Participants will be recruited in-person at community center events, center newsletter advertisements, and posters displayed in center. Information on recruitment materials will direct interested families to contact the research team for a screening evaluation to determine study eligibility. To be eligible for inclusion, caregivers should be the primary food preparer in the home; be responsible for at least one child 4–10 years of age; speak English as the primary language in the home; and have lived in the U.S. for at least one year. Families with one or more family members following a restrictive or therapeutic diet will be excluded.
The Intervention Mapping protocol was utilized in the development of the Simple Suppers intervention [16, 17]. Formulation of proximal program objectives occurred as the first step in the mapping process. Based on the current evidence linking family meals with improved child diet and weight status [2–5], the following program objectives were formulated: 1) ‘Increase frequency of family meals prepared in the home (≥5 days/week)’ and 2) ‘Improve child diet quality (significantly increase Healthy Eating Index (HEI) score (p < 0.05); increase servings of fruits and vegetables to meet Dietary Guidelines recommendations; significantly decrease daily servings of sugar sweetened beverages (p < 0.05)’ (Table 2).
Matrices containing the behavioral performance objectives relating to each program objective were created for each level of intervention: individual (child) and interpersonal (caregiver) (Table 2). Development of the performance objectives were guided by the evidence-based 2010 Dietary Guidelines for Americans guidelines for families and children . For example, under program objective 1) (family meals), the performance objective at the individual (child) level was ‘Children participate in cooking activities’ and at the interpersonal (caregiver) level, ‘Caregivers identify health benefits of regular family meals prepared in the home’.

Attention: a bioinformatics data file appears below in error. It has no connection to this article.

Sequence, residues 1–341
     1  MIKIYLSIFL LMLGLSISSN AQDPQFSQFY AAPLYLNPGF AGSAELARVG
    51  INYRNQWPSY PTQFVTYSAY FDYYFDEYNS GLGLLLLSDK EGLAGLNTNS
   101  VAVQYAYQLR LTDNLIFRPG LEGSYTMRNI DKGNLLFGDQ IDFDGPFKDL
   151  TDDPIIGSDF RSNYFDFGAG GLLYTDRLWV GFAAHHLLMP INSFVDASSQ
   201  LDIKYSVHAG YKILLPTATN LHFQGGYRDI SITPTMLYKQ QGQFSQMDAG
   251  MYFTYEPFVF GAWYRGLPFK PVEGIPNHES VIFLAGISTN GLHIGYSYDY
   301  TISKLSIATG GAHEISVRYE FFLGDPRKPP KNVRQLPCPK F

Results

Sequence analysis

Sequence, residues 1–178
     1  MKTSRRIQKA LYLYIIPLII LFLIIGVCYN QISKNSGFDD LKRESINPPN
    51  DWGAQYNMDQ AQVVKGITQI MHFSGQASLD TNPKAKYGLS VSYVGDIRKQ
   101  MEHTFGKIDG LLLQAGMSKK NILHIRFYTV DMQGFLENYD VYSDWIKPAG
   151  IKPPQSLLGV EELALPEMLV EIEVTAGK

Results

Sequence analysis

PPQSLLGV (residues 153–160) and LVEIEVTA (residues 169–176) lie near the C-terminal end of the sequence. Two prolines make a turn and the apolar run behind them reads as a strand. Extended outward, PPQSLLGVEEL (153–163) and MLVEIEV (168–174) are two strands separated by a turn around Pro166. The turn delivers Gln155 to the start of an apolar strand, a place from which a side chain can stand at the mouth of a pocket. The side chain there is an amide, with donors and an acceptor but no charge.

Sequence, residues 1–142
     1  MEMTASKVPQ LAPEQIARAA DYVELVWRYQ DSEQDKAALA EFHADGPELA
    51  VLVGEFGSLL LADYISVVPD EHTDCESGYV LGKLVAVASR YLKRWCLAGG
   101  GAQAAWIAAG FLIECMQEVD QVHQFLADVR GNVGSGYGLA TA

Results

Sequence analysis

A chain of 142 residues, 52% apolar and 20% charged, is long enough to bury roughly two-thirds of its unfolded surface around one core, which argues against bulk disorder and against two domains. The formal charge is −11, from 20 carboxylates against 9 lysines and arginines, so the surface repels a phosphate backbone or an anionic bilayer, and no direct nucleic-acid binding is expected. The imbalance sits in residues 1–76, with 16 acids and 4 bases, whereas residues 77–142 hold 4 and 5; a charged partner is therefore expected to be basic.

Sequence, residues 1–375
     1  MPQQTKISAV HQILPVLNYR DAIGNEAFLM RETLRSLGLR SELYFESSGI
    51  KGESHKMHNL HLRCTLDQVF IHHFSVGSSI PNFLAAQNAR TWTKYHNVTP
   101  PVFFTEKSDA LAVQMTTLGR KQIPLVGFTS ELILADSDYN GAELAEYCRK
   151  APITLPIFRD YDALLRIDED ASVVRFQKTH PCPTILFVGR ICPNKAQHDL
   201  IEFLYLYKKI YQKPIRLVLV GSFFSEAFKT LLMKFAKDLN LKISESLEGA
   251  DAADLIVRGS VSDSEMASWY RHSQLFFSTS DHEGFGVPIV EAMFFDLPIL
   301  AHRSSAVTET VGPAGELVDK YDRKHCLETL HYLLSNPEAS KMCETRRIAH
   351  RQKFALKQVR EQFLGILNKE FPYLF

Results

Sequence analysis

After formulation of performance objectives, a list of personal determinants for each performance objective was generated based on the theoretical foundation of the Simple Suppers program – the Social Cognitive Theory, which posits that behavior change is a function of a reciprocal relationship between personal (e.g., behavioral capabilities and cognitive factors, such as self-efficacy and self-evaluation) and environmental (e.g., norms, modeling, and reinforcement) factors [19, 20]. Next, personal determinants were selected for children at the individual level and caregivers at the interpersonal level based on importance (i.e., strength of the association of the determinant with the behavior) and changeability (i.e., likelihood that the intervention may impact the determinant) . The personal determinants included: behavioral capability; self-efficacy; self-evaluation; and norms, modeling, and reinforcement (Table 3). The performance objectives were then crossed with the selected determinants, which resulted in matrices of change objectives (Tables 3 and 4). The change objectives stated precisely what needs to change in the determinants’ behavioral outcomes in order to accomplish the performance objectives. They were developed using action words and followed by a statement of what is expected to result from the intervention [16, 17]. Because two target groups were selected, two difference matrices of change were developed under each program objective. For example, for program objective 1) (family meals), on the individual (child) level, the performance objective for children that stated ‘Children participate in meal preparation activities’ was crossed with the determinant ‘behavioral capability’, which resulted in the change objective that ‘children practice cooking skills during Simple Suppers and at home’. An example on the interpersonal (caregiver) level, also for program objective 1) (family meals), is as follows: the performance objective for caregivers that stated ‘Caregivers identify health benefits of regular family meals prepared in the home’ was crossed with the determinant ‘behavioral capability’, which resulted in the change objective that ‘Caregivers know benefits of regular family meals prepared at home.’